Two new books

Andrew Solomon's Far From the Tree: Chidren and the Search for Identity (Scribner, New York 2012) is an opus magnum of 900 pages which doesn't specifically cover ADHD/ADD but delves into the meaning (challenges and rewards) of raising children who are different (deaf, dwarfism, autism, severe retardation, criminality among others).  Each chapter on a specific disability could nearly a be a book on its own in terms of the depth and breadth of the material covered.  In the end Solomon's personal story and the stories of so many other families in this book extol a humanism that is uplifting. 


The ADHD Explosion: Myths, Medication, Money  and Today's Push for Performance by Stephen Hinshaw and Richard Scheffler (Oxford, New York, 2014) is the most recent best survey of the ADHD/medication "scene" to be published recently.  The authors truly see ADHD as a neurological isse but defined with different contexts as problems.  They bring full circle back to the academic mainstream thinking of ADHD as a biopsychosocial disorder (something I stated quite clearly sixteen years ago in Running on Ritalin).  It would have been nice to received a little bit of credit but that takes nothing away from the importance of this book as an up to date exploration of the ADHD phenomenon in America today.

Letter in the New York Times-6/3/11

Your article Re “Too Young for Kindergarten? Tide Turning Against 4-Year-Olds” (front page, May 28) doesn’t mention another implication in increasing the legal age of kindergarten entry: a decrease in the diagnosis of attention deficit hyperactivity disorder and the use of Ritalin-type drugs.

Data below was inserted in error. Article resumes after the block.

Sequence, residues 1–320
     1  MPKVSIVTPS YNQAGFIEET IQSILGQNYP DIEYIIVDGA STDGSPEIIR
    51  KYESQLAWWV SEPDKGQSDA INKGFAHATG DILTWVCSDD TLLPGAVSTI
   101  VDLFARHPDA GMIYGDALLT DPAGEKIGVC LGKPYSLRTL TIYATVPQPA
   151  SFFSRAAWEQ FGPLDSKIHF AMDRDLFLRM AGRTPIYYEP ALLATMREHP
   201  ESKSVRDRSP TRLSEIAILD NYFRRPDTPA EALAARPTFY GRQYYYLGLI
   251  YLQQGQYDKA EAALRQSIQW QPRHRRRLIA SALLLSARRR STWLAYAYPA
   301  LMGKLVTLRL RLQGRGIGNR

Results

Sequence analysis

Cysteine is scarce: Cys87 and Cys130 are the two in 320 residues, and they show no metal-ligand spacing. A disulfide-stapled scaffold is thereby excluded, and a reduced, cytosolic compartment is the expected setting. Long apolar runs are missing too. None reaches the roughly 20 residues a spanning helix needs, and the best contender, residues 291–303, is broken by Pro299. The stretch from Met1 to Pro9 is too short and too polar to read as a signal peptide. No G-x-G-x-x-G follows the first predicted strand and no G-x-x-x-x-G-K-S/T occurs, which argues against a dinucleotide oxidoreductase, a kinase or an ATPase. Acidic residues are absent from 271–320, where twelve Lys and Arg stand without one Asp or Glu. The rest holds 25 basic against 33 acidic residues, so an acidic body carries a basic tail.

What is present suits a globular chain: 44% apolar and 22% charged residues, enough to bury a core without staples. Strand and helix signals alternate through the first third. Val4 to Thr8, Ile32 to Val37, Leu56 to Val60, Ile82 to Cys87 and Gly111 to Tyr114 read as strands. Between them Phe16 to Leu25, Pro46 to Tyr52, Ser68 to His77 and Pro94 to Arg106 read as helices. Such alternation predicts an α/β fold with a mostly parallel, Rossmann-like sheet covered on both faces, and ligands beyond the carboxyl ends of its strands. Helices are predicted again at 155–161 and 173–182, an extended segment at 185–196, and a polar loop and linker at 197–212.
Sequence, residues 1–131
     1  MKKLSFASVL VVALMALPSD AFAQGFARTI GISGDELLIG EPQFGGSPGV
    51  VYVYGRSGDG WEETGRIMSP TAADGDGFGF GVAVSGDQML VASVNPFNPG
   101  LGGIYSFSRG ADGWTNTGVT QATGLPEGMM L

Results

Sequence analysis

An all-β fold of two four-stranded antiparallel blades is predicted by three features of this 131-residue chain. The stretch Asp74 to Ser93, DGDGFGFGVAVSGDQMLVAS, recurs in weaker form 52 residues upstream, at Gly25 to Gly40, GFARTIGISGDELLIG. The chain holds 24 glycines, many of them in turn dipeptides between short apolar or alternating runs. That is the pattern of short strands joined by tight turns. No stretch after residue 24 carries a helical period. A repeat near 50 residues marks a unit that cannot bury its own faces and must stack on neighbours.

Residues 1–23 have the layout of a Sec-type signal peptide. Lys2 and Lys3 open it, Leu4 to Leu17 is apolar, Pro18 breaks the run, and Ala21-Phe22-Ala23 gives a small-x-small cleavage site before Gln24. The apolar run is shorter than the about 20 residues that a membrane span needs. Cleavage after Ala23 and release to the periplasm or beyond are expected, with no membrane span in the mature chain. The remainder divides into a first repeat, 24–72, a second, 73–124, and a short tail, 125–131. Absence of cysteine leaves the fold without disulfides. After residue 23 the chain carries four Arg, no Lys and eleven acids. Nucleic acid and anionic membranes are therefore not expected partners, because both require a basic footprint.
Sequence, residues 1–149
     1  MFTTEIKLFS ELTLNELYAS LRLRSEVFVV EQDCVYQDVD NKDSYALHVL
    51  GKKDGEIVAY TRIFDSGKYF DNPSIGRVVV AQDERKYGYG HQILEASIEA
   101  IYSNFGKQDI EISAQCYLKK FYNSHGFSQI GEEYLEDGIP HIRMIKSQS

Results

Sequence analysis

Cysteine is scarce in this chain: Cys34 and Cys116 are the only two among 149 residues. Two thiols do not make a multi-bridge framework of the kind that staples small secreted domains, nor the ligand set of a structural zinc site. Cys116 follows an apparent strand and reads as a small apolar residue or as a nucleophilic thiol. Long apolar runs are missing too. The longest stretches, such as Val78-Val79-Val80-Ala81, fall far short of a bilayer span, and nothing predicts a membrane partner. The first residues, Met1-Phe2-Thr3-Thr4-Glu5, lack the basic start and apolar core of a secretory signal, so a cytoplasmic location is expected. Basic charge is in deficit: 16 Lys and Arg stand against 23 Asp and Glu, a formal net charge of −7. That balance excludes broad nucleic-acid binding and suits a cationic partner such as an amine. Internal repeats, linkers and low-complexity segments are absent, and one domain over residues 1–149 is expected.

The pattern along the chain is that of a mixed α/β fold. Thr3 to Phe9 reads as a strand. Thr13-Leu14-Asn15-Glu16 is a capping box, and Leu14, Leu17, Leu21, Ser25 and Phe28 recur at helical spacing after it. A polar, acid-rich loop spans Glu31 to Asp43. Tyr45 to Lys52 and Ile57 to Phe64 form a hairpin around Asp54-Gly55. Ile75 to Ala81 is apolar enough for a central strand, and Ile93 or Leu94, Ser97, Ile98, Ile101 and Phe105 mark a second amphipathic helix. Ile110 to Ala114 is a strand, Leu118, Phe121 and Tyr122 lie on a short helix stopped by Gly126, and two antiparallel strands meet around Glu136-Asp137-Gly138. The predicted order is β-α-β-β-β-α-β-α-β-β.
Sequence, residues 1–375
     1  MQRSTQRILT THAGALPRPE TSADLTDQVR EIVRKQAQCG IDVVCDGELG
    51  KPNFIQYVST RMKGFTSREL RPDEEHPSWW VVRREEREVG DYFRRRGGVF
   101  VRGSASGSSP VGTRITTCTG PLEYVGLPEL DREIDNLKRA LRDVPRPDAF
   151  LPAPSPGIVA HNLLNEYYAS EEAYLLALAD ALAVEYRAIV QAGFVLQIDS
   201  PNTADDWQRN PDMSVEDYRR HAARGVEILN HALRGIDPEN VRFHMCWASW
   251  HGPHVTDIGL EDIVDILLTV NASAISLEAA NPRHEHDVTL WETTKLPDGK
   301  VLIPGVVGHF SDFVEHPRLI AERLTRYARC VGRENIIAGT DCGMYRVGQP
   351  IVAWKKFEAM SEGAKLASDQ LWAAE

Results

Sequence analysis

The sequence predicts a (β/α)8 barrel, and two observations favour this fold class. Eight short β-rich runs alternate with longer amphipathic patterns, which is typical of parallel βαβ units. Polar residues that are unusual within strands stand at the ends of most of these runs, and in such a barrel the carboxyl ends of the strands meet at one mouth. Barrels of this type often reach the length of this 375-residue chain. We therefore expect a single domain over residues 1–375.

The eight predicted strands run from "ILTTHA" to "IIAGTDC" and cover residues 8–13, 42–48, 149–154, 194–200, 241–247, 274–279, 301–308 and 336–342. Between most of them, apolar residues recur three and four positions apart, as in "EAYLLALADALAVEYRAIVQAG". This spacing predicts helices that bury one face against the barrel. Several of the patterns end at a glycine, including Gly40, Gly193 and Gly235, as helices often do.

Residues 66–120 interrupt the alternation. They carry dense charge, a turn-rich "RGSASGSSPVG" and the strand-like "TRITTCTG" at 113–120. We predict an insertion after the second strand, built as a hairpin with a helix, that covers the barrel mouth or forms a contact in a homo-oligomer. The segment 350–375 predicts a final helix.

Several studies have shown higher rates of diagnosed A.D.H.D. in children who are not 5 by September of their year of entry to kindergarten. At fifth and eighth grade, these children are nearly twice as likely to be using a drug like Ritalin or Adderall compared with their older peers.

Many children, younger just by several months, are simply not ready developmentally to handle the increased academic demands of the last 20 years on kindergartners. This academic stress translates to increased agitation, inattention and hyperactivity, especially in boys.

California’s enlightened decision to add a state-supported pre-K transition year for 5-year-old children born after September should over time decrease the number of children taking psychiatric drugs.

Two New Books Worth Reading

Two books recently published should be of interest to visitors to this site. The first is Better Than Well: American Medicine Meets the American Dream, by Carl Elliott (WW Norton, 2003). The other book is Raising America: Experts, Parents and a Centruy of Advice About Children, by Ann Hulbert (Alfred A Knopf, 2003). Continue reading for brief reviews of both books.

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